Jamie's Shrimp & Grits

[caption id="attachment_301" align="aligncenter" width="540" caption="The cover of Tupelo's Evening Menu"][/caption]

It's September, which means the beginning of apple season, the beginning of the end of tomato season, and the end of my grandfather's yearly visit to North Carolina. The past couple of years, Vance and I have driven to North Carolina on a Thursday night in late September, only to turn around and drive Papa back to Florida Sunday morning. This year, though, we're staying an extra day. It's just too beautiful to miss the start of Fall! While we're there, we'll visit a bit of Asheville's Foodtopian Society — namely, the Tupelo Honey Cafe.

I learned of Tupelo on TripAdvisor when we were there in July. We tried to brave their Saturday dinner rush, but chose a nearby brewpub in lieu of the 3-hour wait at Tupelo. The restaurant was unforgettable, though, and not just because I have their business card floating around in the bottom of my purse. This time around, we'll get in line early. I'm not missing out on Low Country Tuna or Cajun Skillet Catfish twice.

Yes, I've committed a portion of their menu to memory. Is that weird?

[caption id="attachment_306" align="aligncenter" width="540" caption="Shrimp and Grits, served here with some tomatoes and succotash."][/caption]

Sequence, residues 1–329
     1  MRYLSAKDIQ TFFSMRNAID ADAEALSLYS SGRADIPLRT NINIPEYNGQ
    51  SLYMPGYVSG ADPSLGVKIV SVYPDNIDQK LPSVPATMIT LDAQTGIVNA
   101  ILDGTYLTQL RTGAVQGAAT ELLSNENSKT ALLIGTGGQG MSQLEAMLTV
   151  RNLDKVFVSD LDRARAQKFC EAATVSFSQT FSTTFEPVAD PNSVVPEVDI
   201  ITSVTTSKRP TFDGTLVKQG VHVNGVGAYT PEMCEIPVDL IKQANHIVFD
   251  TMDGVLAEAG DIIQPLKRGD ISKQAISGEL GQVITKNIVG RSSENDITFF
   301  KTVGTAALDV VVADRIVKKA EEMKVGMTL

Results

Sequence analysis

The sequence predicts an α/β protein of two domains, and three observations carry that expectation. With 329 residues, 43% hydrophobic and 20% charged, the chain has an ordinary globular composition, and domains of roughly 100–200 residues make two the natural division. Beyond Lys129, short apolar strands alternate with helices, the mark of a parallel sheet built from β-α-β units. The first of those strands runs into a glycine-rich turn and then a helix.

The inspiration for this dish came from another item on their menu: Brian's Shrimp & Grits (SHOO-Mercy style):

Brian's Shrimp & Grits
Seven large shrimp served over goat cheese grits in a spicy roasted red pepper sauce
SHOO-Mercy: A dozen shrimp with andouille sausage, caramelized onions, spinach and mushrooms

I made this during a recent trip to West Palm, so I left out some of the ingredients that would have given the dish more nutritional value, but would have had fewer family members interested in eating it! So my version has the andouille and caramelized onions, but omits the spinach and mushrooms. If you're a fan of the latter two, by all means incorporate them into your version!

Jamie's Shrimp & Grits

Serves Six. This particular dish — Brian's Jamie's Shrimp & Grits — was inspired by my time spent ogling the Tupelo Honey Cafe Menu. I've never eaten there, so I'm sure their version and mine are night and day. But this one is delicious in its own right. Serve with a green salad; you'll feel better about yourself afterward. (Haha)…

Spicy Roasted Red Pepper Sauce Ingredients

  • 2 red bell peppers
  • 1 garlic clove, minced
  • 1 small yellow onion, chopped
  • 3 chipotle peppers in adobo, roughly chopped (you won't need nearly 1 can — reserve the rest for another use)
  • 1 teaspoon smoked hot paprika (you can use sweet instead of hot if you like a milder sauce)
  • ¾ cup vegetable broth
  • Salt and pepper, to taste

Grits Ingredients

  • Enough grits for 6 people, prepared according to package directions
  • 2 links andouille sausage, cooked and chopped
  • Small log of goat cheese
  • ½ small yellow onion, chopped
  • 1 tablespoon